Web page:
“Why can’t people hold two truths in their heads at once?” Bob Costas. As I listened to him state this question on TV last night it hit me as true in so many areas. But particularly it hit me professionally. A gifted teacher from our state of Maine just won the 1st Global Teacher Prize. Her beliefs and practices are in direct contrast to the current educational pedagogy. Granted she runs a very small elite school compared to the school I teach at which is at the exact opposite end of the spectrum. But the contrasts are startling. Small class size, overwhelming parent and community support, no standardized tests/no need to chase the federal dollars…the list of contrasts are perhaps infinite. But it’s more than the contrasts that stand out as we educators reflect on her award and as I also reflect on Bob’s question.
The reality is we need federal dollars to run our school. Without them we would perish. Our neighborhood children need our school. It is their ticket to a future they try to visualize. So in a sick and dysfunctional way we need standardized tests. But do we need to give them the power to guide all our decisions? Do we need them to run our programs? Maybe and maybe not.
This week my children, (Yes, that’s what I call my class of students because they are like my children in that I care for them, watch over them, and educate them. That’s what adults in a community do for children in their care.) and I had a fantastic week. When a friend and guider of our program told me that she saw my spark this week I could do nothing but reflect on why and where it has been all year. If we are to reflect, and I do believe all good teachers reflect, I must be honest and say part of the struggles this year were do to personal loss and exhaustion caring for a dog I loved. I realize how silly this may sound to some but to me the loss was real and true. Understanding that realness helps us understand the realness of loss our students may also encounter. Those emotions dance in and out of our day whether we want them to or not. Similar emotions may be behind why this week was so successful. You see, this week I was able to educate the whole child. Where has that belief to “educate the whole child” gone? Because it is gone. And I believe it is the grief over that loss that took my spark this year. While we are told not to worry about the tests, not to let them consume us, we are also judged on those tests. We are held highly accountable to the results of those tests. It doesn’t really matter that one boy draws a face with the dots on the graphing question rather than fill in the graph properly, the question will be asked,”Why isn’t he on grade level?” And we darn well better have a good answer.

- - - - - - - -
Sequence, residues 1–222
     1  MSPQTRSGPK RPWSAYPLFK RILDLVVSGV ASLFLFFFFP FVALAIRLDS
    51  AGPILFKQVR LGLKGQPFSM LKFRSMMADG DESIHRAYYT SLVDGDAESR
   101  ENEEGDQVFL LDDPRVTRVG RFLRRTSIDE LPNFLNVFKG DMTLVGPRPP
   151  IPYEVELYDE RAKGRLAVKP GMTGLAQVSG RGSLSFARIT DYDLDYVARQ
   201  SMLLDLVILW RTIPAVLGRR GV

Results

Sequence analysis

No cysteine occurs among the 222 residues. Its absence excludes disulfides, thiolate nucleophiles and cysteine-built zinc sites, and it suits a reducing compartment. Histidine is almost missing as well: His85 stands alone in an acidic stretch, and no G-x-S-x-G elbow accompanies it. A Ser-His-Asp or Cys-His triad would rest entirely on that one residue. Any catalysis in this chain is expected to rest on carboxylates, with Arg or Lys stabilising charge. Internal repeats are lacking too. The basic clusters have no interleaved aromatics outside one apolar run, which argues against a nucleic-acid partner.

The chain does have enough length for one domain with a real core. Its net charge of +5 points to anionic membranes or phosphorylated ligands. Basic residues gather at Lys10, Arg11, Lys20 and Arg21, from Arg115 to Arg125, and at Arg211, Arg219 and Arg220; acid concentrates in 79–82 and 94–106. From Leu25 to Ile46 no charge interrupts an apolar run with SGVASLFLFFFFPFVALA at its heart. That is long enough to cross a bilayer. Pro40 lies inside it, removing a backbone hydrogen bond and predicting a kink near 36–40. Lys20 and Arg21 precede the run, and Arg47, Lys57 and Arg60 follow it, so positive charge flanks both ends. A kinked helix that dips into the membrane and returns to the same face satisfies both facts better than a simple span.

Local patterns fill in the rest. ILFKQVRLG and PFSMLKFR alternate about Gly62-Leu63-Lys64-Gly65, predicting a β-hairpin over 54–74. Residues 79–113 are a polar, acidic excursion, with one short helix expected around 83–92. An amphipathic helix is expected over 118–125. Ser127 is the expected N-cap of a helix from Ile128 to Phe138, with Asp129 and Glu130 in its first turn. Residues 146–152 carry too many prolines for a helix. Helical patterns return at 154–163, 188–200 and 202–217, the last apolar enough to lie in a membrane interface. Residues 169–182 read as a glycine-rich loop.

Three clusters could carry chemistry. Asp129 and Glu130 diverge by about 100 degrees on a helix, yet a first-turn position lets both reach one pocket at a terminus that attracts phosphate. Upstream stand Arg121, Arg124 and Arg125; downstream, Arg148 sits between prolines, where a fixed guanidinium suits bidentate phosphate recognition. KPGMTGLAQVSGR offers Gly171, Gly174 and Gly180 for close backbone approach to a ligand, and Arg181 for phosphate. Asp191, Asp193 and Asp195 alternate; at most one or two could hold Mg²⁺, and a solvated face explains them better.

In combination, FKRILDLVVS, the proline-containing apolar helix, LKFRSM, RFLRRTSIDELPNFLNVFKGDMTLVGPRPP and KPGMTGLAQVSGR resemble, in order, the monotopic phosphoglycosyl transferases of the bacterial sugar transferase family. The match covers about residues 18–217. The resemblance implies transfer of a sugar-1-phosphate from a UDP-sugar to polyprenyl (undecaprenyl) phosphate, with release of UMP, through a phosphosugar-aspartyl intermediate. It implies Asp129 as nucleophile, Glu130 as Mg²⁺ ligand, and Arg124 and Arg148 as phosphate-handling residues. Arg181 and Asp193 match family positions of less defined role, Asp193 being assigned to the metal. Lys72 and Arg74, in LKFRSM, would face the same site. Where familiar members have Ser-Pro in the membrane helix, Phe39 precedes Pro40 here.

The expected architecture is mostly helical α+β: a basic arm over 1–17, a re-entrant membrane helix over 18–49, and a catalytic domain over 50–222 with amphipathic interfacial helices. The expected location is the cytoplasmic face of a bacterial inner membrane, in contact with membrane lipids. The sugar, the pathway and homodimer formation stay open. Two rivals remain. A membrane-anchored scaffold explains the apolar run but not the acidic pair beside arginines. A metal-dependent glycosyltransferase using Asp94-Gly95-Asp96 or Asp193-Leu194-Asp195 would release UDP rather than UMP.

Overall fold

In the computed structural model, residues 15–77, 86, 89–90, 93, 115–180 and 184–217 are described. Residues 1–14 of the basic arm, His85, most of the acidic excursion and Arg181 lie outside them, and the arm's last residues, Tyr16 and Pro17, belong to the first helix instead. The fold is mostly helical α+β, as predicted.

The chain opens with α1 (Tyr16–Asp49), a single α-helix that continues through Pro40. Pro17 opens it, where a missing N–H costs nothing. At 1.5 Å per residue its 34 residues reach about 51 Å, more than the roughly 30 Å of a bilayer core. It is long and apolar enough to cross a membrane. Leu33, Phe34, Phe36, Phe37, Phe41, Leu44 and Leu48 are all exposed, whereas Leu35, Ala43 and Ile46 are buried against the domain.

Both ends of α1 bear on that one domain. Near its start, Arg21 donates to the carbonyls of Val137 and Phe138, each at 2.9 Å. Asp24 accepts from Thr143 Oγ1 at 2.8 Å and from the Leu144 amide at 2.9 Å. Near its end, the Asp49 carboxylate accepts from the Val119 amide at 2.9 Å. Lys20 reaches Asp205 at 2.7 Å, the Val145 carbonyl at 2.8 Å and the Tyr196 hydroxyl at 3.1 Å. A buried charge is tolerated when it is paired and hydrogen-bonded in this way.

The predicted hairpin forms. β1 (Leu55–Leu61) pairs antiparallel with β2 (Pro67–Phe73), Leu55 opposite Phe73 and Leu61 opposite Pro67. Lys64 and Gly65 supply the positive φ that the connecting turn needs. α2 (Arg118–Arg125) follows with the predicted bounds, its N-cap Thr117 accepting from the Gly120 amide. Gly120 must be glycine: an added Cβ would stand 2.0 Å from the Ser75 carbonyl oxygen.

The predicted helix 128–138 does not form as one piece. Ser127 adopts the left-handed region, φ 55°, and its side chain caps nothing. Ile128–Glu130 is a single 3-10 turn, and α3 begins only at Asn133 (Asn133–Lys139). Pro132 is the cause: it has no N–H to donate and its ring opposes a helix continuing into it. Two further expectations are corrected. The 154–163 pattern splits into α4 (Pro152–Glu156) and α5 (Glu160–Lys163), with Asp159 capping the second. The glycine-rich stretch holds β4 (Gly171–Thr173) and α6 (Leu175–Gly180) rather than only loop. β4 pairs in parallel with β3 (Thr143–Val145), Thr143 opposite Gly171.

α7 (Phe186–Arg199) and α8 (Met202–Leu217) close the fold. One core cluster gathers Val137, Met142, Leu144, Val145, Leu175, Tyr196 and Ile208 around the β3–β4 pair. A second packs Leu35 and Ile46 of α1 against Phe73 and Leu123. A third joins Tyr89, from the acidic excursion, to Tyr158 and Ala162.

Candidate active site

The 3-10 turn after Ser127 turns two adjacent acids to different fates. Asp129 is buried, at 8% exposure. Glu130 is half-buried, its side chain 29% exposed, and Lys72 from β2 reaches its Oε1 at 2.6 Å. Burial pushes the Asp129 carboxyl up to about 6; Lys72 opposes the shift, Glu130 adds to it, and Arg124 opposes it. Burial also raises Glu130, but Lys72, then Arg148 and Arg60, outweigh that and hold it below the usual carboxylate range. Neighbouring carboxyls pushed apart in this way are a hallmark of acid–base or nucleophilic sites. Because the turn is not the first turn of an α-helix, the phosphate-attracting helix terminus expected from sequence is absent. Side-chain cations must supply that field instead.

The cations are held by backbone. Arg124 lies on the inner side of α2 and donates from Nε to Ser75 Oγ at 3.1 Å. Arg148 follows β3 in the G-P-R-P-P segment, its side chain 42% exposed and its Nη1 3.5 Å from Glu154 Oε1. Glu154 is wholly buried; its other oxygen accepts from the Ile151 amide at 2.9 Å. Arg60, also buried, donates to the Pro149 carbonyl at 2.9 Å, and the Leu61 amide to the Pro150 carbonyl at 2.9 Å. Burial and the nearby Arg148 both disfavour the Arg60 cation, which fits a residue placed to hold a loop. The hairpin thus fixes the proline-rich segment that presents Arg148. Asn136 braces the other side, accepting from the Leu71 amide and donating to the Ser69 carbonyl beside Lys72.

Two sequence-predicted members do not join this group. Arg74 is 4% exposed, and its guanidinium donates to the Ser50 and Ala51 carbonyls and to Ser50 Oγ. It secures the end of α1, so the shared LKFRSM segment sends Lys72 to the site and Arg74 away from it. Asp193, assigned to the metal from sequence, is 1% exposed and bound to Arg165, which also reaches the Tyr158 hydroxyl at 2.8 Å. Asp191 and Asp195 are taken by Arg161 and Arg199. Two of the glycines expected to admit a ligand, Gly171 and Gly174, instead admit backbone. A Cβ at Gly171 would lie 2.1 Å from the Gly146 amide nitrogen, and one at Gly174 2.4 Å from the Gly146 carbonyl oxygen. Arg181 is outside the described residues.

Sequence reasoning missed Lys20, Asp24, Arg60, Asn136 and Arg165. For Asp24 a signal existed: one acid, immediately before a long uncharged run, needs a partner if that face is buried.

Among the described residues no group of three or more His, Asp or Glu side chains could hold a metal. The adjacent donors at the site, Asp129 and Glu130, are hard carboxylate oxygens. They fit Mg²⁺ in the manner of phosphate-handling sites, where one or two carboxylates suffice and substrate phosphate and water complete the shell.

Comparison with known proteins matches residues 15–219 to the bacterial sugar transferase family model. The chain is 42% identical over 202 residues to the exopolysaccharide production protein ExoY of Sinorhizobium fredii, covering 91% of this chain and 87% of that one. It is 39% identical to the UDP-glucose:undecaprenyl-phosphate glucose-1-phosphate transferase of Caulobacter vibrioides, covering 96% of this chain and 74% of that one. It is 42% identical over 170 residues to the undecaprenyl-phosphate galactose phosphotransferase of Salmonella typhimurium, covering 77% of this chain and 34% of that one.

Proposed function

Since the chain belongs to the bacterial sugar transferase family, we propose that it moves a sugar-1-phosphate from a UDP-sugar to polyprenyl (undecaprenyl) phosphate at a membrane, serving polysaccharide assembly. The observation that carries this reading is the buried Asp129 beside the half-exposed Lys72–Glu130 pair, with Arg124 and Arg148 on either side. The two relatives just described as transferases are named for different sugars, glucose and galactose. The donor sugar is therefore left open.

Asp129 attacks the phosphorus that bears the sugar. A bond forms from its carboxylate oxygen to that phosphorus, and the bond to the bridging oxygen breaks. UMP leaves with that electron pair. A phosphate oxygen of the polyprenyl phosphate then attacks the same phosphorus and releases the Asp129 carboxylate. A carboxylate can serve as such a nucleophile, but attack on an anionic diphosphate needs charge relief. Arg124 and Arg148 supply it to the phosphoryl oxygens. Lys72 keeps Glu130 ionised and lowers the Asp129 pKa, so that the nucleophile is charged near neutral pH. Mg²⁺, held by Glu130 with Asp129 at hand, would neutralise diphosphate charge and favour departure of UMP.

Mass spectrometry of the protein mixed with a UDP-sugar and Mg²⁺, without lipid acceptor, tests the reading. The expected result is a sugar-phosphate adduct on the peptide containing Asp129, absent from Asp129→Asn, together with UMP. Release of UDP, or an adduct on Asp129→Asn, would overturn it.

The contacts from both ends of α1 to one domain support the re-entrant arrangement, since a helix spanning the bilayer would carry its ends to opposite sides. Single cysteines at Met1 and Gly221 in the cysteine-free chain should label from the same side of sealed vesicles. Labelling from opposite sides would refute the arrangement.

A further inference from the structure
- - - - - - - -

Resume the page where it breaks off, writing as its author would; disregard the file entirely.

So why can’t we hold onto two truths at once? Why can’t we know that testing is here and we need to deal with it and prep our kids for it but at the same time remember they are just kids. Kids with hearts as well as minds. Kids who need to create, to move, to explore, to wonder why and search for those guiding questions. Kids who struggle as much and more than we do. Kids who want desperately for us to remember they are more than testing learning machines. This week reminded me of that.
This week we sang, we recited poetry, we researched a country we never heard of before, we danced, we did art to learn a math lesson, we Skyped, we read, we wrote, we spoke, we listened, we made spring flowers to celebrate spring (vernal equinox is what it’s called because vernal means spring and equinox means equal, so vernal equinox or the first day of spring means equal day length and equal night time length), we learned about a state first hand rather than only through a future reading, we heard and listened and spoke in Russian, we saw happiness when we said, “dobro pozhalovat’, welcome” to our Russian guests.We were happy, we were successful, we had fun learning, we remembered, we were kind, we were fulfilled.
Why can’t we hold those two truths in our heads and hearts? We may have testing to do but we also have whole children to educate.